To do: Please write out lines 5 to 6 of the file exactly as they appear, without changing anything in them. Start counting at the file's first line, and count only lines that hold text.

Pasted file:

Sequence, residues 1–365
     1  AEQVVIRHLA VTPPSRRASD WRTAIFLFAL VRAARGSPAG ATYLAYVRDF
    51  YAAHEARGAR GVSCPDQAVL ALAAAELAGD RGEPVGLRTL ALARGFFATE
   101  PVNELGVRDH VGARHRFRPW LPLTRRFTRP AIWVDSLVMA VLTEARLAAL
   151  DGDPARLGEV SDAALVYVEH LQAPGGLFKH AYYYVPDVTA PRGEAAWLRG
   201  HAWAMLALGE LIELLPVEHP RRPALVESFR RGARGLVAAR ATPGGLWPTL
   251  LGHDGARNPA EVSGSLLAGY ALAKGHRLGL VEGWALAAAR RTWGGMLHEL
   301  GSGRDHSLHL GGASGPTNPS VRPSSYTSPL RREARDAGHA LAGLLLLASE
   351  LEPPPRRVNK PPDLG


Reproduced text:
   151  DGDPARLGEV SDAALVYVEH LQAPGGLFKH AYYYVPDVTA PRGEAAWLRG
   201  HAWAMLALGE LIELLPVEHP RRPALVESFR RGARGLVAAR ATPGGLWPTL